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Pretty similar, right? All Wasted Years needs is a 3rd verse, and they’d be practically identical, structurally speaking. So, on one hand yes, I’m boiling art down to a formula, but on the other hand, the formula is pretty rad. It’s also the same formula as 99% of pop songs that have been on the radio for the last 40 some-odd years, so like it or loathe it, it works on the level of connecting with listeners.

The hook in Rainbow in the Dark is so infectious, they even thought they could sell beer with it.

Song Structure – Taking it to the EXTREME*

(*Disclaimer: this section is not about the use of Mountain Dew or Monster Energy Drink to improve your compositional skills)

After looking at the previous examples, I hear you saying (from all the way across the internet, I have really good hearing) “these are all dad metal songs – what about more extreme stuff? That stuff breaks all the rules!” So let’s dissect some classic extreme metal staples.

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These examples are a little bit more elaborate or quirky, but still firmly rooted in the verse / chorus / verse / chorus / bridge / verse / chorus template. The Autopsy tune falls into a structure type I’ll get to at the end of this post (cliffhanger!). I’ve chosen older examples because a) I’m old and these are the songs I like, and b) these songs have stood the test of time to be considered classics in the genre (or at least Decibel put them all in their Hall of Fame series).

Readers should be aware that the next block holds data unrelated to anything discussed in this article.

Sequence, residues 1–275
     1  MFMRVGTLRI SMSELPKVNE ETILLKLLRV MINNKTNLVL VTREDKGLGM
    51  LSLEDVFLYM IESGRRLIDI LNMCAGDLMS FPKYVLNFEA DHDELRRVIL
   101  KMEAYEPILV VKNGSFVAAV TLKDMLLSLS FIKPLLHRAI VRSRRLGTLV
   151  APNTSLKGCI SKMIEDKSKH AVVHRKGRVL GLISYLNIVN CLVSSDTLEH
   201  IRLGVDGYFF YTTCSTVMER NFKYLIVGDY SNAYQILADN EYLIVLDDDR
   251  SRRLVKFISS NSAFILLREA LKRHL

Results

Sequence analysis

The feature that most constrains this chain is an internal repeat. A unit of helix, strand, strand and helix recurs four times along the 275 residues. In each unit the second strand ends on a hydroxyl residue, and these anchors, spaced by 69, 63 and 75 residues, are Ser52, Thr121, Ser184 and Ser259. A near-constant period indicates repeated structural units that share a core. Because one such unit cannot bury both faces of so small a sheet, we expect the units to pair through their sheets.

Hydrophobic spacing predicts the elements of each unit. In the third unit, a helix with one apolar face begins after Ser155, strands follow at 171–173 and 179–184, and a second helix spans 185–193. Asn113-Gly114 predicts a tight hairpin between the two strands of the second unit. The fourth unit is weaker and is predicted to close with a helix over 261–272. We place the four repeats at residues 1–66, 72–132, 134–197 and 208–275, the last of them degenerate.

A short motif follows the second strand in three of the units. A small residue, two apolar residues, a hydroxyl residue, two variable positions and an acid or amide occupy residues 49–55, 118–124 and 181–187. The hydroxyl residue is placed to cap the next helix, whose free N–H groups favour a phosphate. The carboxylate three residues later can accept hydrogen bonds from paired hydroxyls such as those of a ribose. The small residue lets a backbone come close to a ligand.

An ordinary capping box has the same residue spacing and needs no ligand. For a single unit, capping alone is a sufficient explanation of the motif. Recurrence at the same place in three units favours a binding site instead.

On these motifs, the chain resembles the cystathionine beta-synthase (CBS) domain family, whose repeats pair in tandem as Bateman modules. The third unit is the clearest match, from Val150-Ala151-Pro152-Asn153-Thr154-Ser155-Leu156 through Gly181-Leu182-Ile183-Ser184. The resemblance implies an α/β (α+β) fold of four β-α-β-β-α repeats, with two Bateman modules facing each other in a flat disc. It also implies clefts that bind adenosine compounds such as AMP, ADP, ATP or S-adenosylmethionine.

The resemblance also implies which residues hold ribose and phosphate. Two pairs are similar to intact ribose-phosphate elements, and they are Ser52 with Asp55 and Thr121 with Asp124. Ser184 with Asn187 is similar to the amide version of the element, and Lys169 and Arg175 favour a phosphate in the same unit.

Ultimately, structural quirks are a matter of personal preference. Some people hate long intros, some people love ’em. Some people don’t like guitar solos, others can’t get enough of ’em (looking at you, Trey Azagthoth). There’s still a lot of room for variation within more straightforward song construction. Ultimately, any song with discernible verses and choruses is a lot closer to being catchy than 90% of the Death / Extreme Metal that’s out there, so just the presence of hooks and choruses will help differentiate an actual song from a “song.”

In the early days of “extreme metal,” the extremity and style of the music was so shocking that having a well-crafted song was less important, simply because of the novelty of the style’s trappings. In 2018, we’re 31 years (!) removed from Scum and have heard thousands and thousands of blast beats in the intervening years, so just being “extreme” isn’t particularly interesting – hence people adding all kinds of different instrumentation or combining seemingly incongruous styles (folk metal, world-music influenced metal, etc). These are gimmick-based ways to stand out – “Sure you’ve heard metal, but have you heard it with a xylophone as a lead instrument?” I’ve never cared for that kind of approach, which again is simply a personal preference. I just want to hear extreme metal with actual songs. Speaking of Scum, even a song flies by in a blur like The Kill by can manage to have coherent structure –

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They packed all that into 19 seconds – now that’s what I call efficiency.